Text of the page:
When you leave your hearing loss untreated, you put yourself at an increased risk of falling, developing depression or anxiety and experiencing cognitive decline. Recent research shows exactly what impact untreated hearing loss can have on your brain health, which we review below.
About the Study
In 2019, researchers from Brigham and Women’s Hospital and Harvard Medical School published a study entitled “Longitudinal study of hearing loss and subjective cognitive function decline in men” in the journal Alzheimer’s & Dementia.
For the study, researchers gathered data from more than 10,000 men. They found that hearing loss is linked to an increased risk of subjective cognitive decline, which refers to changes in thinking and memory that people notice on their own. These changes are early indicators of cognitive decline that cannot yet be objectively measured.
More specifically, the risk of cognitive decline was 30% higher among men with mild hearing loss compared to those without hearing loss. In addition, for those with moderate to severe hearing loss, the risk of subjective cognitive decline was 42-54% higher.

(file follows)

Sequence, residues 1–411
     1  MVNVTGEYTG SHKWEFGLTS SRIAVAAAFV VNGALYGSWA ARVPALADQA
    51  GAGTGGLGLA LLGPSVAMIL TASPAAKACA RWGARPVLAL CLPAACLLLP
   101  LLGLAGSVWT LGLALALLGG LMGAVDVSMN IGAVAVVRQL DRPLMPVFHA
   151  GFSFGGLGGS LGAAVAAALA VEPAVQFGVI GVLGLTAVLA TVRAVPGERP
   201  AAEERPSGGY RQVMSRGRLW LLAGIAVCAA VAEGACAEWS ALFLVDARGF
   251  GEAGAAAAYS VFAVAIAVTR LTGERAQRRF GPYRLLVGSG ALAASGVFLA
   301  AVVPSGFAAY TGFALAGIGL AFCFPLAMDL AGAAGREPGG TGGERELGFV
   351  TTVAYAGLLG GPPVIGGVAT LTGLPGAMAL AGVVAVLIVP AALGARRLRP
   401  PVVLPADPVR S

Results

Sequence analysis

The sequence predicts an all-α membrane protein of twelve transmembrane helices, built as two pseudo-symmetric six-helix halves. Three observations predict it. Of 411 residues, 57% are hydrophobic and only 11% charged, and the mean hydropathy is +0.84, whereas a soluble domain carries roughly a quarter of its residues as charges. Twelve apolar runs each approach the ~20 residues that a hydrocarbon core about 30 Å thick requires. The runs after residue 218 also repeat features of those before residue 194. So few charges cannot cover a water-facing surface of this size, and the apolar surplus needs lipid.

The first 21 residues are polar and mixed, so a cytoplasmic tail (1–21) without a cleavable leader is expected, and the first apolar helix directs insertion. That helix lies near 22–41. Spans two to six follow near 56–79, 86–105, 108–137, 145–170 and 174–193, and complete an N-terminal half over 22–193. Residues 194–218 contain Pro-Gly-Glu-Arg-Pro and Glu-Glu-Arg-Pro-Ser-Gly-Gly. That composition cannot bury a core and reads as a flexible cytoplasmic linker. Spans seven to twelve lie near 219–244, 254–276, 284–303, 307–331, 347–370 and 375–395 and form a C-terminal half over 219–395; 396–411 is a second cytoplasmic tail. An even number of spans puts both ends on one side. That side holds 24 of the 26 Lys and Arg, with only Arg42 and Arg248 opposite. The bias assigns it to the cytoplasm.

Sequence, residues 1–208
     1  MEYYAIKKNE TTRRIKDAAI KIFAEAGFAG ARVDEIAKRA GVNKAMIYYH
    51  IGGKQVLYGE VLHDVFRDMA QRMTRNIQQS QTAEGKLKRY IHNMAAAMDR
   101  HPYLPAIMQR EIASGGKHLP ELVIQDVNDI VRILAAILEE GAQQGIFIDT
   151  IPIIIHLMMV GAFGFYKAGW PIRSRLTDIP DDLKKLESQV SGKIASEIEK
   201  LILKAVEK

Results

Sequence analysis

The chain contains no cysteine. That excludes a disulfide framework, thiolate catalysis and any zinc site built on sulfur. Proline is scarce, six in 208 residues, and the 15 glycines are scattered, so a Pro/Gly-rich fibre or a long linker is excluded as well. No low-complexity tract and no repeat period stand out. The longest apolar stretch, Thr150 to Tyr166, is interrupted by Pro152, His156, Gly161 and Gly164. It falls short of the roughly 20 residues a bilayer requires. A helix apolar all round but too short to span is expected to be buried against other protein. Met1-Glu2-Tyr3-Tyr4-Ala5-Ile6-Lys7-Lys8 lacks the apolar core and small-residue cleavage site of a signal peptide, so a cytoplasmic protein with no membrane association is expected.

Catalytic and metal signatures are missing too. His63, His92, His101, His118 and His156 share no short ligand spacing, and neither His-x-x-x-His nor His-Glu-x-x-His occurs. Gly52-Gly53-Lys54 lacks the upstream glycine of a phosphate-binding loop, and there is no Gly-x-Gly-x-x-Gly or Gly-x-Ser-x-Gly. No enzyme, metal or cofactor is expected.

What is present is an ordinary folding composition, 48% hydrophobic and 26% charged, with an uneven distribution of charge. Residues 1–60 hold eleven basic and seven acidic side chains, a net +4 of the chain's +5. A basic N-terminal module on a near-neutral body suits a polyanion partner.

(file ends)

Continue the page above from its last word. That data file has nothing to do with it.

“Our findings show that hearing loss is associated with new onset of subjective cognitive concerns which may be indicative of early-stage changes in cognition,” explained lead study author Dr. Sharon Curhan.
The Importance of Treating Dementia Early
The World Health Organization (WHO) has identified dementia as a priority in the field of public health, one that requires research into the causes and modifiable risk factors.
Though currently there are no effective treatments that can prevent or reverse the progression of this disease, early diagnosis can improve the quality of life of those who have it. Researchers believe that being able to diagnose cognitive decline early could help with the development of more effective treatments than those that target the later stages of the condition.
The Link Between Hearing Loss & Cognitive Decline
Hearing loss and cognitive decline share several features, including the fact that the causes can be complex, involving a number of factors, and that they are both progressive conditions that worsen over time.
Researchers also suspect that hearing loss may precede dementia and be a modifiable risk factor that can improve outcomes if caught early. In addition to getting into that new book from Vero Beach Book Center, learn about what options you have to keep your brain healthy. To schedule an appointment, call Aaron’s Hearing Aid & Audiology Center today.